So ten per cent of that’s the target. 1,000 reviews in a month. Could we do this? is that possible? Maybe. Should be.

It won’t be through lack of trying.

 

A weekend away looking at big art

Tuesday 24 April’s Age newspaper had a story about some new silo art, created just in time for Australia’s Anzac Day on the 25th. It showed two medics, one from the past (WW1 nurse) the other from pretty-well right now (medic working in Afghanistan). They were enormous and looked fabulous.

Julie and I had a free weekend coming up after my early (6:30) dialysis, so we decided we’d go and see them in the flesh (so to speak).

Silo art is relatively new. In Australia, it started in Western Australia in 2015, with the Avon silos in the WA Wheatbelt, a gigantic area north and east of Perth.

Phlegm, CBH Avon grain silos.

Avon Silos

For the uninitiated, the silos I’m talking about are mostly concrete and were built 60-100 years ago to collect grain from the surrounding wheat fields and to load it onto trains that take it to cities or ships for consumption or export. Changes in agriculture, combined with the closure of railway lines, has left hundreds of grain silos in regional Australia abandoned.

These silos have been reused for various community activities, like film projection events, using the concrete silo walls as a screen; cellular or telecommunications towers, or for storage by private companies and farmers.

But by far the most delightful use is for silo art. Since 2015 silos in most states have been painted with a huge variety of artwork, from endangered native animals to real people who live and work in the area.

A quick search on the net shows that Silo Art Tours are becoming very popular, with maps and commentary for most districts. But we wanted to see the latest addition to the collection, not yet on any tour guide, at Devenish, pop. 300, about three hours from Melbourne (and 20 minutes from Benalla).

Art Bonus! When we checked the Benalla website, we discovered that Benalla is a pretty arty city in its own right. Every year since 2015, they hold the Wall to Wall Street Art Festival, where some of the country’s and the world’s best street artists paint the walls of the town and turn it into the street art capital of regional Australia.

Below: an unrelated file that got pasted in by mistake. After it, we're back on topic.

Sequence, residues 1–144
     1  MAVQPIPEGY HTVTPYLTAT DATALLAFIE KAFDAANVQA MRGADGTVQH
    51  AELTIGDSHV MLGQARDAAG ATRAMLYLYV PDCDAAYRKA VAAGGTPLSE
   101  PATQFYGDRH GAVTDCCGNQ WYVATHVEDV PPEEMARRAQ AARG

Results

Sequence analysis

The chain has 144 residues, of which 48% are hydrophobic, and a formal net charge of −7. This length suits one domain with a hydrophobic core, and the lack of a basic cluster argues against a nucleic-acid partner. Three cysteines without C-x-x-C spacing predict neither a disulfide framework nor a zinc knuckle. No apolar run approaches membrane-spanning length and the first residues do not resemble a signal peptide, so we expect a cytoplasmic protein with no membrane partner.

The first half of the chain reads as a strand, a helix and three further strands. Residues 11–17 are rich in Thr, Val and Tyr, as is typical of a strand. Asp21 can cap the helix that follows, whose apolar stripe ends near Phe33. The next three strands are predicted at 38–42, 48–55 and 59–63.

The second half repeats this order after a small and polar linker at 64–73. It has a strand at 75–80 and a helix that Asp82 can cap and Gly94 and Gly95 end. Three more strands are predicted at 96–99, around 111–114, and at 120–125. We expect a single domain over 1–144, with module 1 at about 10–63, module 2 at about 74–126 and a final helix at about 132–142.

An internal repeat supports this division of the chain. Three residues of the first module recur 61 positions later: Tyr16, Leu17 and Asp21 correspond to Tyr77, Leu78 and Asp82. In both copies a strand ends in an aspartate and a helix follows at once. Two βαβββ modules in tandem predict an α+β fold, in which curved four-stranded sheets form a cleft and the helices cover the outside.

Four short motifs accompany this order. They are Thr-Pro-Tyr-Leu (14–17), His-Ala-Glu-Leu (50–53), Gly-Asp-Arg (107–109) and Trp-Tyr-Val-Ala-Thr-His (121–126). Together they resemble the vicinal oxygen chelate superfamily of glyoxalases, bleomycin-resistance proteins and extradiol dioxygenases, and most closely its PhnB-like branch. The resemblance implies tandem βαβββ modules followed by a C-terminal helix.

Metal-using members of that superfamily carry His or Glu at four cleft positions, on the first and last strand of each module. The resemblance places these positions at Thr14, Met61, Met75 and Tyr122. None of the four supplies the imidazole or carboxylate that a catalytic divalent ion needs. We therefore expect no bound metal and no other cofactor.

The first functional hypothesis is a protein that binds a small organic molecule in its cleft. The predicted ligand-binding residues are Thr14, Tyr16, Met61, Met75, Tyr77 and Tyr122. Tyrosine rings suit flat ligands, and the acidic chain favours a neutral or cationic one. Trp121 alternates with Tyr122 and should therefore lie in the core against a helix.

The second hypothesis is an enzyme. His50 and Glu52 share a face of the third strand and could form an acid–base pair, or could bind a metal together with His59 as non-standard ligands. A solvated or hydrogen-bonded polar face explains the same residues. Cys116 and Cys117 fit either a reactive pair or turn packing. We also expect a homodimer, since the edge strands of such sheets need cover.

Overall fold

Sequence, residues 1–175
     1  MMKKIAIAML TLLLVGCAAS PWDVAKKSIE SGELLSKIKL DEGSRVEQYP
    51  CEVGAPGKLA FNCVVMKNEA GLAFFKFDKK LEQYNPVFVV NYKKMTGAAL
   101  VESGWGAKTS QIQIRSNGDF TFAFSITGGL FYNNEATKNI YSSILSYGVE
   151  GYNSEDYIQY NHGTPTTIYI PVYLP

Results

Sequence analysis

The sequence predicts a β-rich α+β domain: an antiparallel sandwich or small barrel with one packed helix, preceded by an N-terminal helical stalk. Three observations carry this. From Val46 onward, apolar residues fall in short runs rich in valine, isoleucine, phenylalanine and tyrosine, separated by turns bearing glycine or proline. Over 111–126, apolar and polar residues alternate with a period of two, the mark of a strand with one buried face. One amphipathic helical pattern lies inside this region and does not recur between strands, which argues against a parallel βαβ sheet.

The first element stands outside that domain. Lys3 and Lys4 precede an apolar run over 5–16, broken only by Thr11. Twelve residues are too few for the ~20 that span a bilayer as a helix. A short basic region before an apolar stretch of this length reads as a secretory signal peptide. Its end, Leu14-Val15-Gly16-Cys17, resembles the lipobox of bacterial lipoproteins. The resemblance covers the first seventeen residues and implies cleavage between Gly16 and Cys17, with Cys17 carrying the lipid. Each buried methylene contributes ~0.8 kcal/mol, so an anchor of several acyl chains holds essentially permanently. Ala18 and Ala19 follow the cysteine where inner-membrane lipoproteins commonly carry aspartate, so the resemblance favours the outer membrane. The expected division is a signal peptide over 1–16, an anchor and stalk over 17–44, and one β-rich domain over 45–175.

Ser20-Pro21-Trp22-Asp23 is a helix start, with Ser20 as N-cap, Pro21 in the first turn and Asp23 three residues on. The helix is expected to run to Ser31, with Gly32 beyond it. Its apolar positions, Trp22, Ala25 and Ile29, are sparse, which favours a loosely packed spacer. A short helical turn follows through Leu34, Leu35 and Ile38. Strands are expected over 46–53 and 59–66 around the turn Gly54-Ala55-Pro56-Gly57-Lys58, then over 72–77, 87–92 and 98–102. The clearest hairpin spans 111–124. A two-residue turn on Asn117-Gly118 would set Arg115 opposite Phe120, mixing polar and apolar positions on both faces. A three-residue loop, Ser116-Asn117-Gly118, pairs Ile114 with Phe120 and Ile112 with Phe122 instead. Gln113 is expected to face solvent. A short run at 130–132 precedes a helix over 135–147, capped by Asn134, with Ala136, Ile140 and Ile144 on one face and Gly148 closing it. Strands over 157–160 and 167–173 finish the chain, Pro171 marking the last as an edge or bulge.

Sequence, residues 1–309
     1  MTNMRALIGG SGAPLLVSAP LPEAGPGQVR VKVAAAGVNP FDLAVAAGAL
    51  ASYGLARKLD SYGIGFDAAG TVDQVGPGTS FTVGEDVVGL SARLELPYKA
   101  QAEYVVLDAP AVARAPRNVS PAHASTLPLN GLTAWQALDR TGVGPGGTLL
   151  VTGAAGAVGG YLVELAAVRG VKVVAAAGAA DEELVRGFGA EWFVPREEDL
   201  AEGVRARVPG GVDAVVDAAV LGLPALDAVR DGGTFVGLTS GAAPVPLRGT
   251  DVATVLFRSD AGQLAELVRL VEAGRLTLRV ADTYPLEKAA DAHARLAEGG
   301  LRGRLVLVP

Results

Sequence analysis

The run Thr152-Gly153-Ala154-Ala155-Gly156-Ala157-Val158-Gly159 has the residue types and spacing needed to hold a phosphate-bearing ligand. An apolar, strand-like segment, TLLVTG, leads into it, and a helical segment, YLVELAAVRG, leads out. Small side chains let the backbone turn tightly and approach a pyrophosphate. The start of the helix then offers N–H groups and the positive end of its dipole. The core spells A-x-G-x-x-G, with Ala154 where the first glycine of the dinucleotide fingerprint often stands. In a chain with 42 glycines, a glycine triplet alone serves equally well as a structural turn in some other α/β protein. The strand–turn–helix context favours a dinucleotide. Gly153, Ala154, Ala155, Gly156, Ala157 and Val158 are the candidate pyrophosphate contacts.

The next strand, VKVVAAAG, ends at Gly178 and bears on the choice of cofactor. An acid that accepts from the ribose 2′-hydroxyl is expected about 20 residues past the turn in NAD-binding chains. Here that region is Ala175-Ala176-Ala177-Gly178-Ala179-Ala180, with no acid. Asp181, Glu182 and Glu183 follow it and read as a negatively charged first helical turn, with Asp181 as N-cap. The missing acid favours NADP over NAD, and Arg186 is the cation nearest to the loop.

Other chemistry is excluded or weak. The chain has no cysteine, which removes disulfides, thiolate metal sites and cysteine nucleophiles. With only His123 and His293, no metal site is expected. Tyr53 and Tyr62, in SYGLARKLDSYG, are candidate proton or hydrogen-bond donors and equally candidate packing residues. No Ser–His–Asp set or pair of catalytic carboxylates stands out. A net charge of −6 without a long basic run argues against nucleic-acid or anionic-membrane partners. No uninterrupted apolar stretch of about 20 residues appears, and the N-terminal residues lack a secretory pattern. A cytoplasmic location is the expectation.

Silo art AND street in the same weekend, on one tank of fuel. Sometimes you just get lucky…

So, Saturday morning about 10am, Julie picked me up from dialysis, bright, and perky and full of newly cleaned blood, and off we went. Straight up the Hume Freeway and about 2.5 hrs later we arrived in Benalla and checked in to our motel.

First stop the local bakery for coffee and cake. Excellent. Next, we start the art walk. Fantastic! Here are just a few we found on our rambles.

IMG_2487

World map cow

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IMG_2504IMG_2463

 

Dinner at the local pub and a good night’s sleep. Breakfast at a very nice little café; checkout and we head north to Devenish. But wait, there is also silo art on the way, at Goorambat, a few km south of Devenish.

We arrive at Goorambat and the silos, nestled by the railway, dominate the small town. Two artworks, both endangered species: a river redgum and the barking owl. Very impressive. While we’re looking, a grey nomad from a caravan pulls up. We get to talking. There is more silo art just north of Devenish, at Tungamah. Worth a look while we’re here.

 

1-IMG_E68021-IMG_E6801Now to Devenish, just a few km up the road. Again, the enormous bulk of the silos are visible from quite a distance. At last, we arrive, joining quite a few others. One look at the silos and we realise that the photos we’ve seen don’t do them justice. Rising 20 metres (65 ft) skywards they are huge and beautiful. (And judging from the way the pub is being frequented, they have done wonders for the local economy.)